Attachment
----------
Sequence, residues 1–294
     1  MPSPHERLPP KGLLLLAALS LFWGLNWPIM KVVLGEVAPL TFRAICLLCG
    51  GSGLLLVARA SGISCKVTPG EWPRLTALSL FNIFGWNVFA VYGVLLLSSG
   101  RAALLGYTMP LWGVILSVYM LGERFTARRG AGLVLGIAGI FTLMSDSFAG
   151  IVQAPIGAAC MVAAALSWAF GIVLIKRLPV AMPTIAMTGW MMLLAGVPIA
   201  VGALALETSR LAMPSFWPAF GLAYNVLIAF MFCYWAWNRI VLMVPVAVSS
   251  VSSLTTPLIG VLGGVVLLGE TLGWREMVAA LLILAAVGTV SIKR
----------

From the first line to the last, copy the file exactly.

Sequence, residues 1–294
     1  MPSPHERLPP KGLLLLAALS LFWGLNWPIM KVVLGEVAPL TFRAICLLCG
    51  GSGLLLVARA SGISCKVTPG EWPRLTALSL FNIFGWNVFA VYGVLLLSSG
   101  RAALLGYTMP LWGVILSVYM LGERFTARRG AGLVLGIAGI FTLMSDSFAG
   151  IVQAPIGAAC MVAAALSWAF GIVLIKRLPV AMPTIAMTGW MMLLAGVPIA
   201  VGALALETSR LAMPSFWPAF GLAYNVLIAF MFCYWAWNRI VLMVPVAVSS
   251  VSSLTTPLIG VLGGVVLLGE TLGWREMVAA LLILAAVGTV SIKR